That you can phone anonymously and don’t have to expose yourself is new // We have those who want to be anonymous, not to reveal their identity. They just want to talk (III: 1, 2). There are some that absolutely don’t want to come and show themselves. It is shameful. No one must know, but they want someone to talk to (II: 2).

The SC was also believed to relieve the burden for the next of kin. The discussions revealed that users’ next of kin often “burn out” as a result of overwhelming them with phone calls and visits around-the-clock. Support and advice was also given when the next of kin were worried. However, the nurses emphasized that next of kin were not contacted routinely, only if the users requested it.

2.8. Unclear Assignment

Questions about the work directive/assignment prompted ambiguous discussions: Nobody told us that this is the goal. We had a hunch about what we wanted to do // Rather it has been: “We will see how things turn out” (I: 3, 4). It was difficult to define what target group the SC focused on. At first, a total openness for all people was spoken of. Users with psychiatric disabilities were not predefined as a target group:

There is no target group, since you don’t have to be enrolled anywhere. People who are sitting at home and need some kind of help // No more than that we shall be here for all persons that want help, but don’t want to turn to psychiatric care (III: 1, 2). We don’t have a definite target group. All are welcome. We have an open attitude // We have an ambition to reach people with no psychiatric contact, without being enrolled in the care system (I: 4, 5).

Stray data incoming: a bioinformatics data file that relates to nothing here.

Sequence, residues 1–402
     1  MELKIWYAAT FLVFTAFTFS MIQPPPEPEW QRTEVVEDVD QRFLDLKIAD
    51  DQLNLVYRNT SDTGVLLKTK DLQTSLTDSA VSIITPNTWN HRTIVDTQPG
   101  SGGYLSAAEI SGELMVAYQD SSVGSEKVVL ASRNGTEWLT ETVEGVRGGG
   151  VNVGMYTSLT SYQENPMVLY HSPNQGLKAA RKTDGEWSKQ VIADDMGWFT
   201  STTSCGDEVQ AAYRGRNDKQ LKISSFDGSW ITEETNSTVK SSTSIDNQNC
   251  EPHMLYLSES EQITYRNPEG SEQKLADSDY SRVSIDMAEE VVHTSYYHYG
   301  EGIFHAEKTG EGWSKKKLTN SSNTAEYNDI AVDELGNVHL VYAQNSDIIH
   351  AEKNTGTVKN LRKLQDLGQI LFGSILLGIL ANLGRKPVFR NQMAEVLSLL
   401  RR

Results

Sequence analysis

The discussions revealed that the desired openness was a difficult balance. For instance, they had to reject users from other communities. Moreover, users those were self-harmers or under the influence of drugs could not be handled. Other difficult situations concerned users with suicidal thoughts, or homeless people. The nurses expressed their difficulties and disagreements of the boundaries of drawing a line here:

Can you feel mentally well if you don’t have any place to sleep? (III: 3) I was confronted with suicidal thoughts. We said that we cannot have this kind of problem here. But she begged that if she only could stay overnight here…she would calm down // Yes, and one man came here, smelled and had red eyes. Then you are not supposed to let the user in…but I decided to... I considered him as in need of help. You have to listen to your heart // That was a good decision. (I: 2, 3, 6)

The SC was said to relieve pressure on medical care and PED. Several users had expressed an aversion to seeking help at PED due to previously being rejected there. The nurses were convinced that the support beds had prevented several admissions. Also, community actors such as housing supporters and users’ representatives had noticed a positive difference and that they could direct users to the SC. One nurse said: “Users sense that they don’t have time for them at PED. There, it is all about medicine” (II: 2).

2.9. Preventing Mental Illness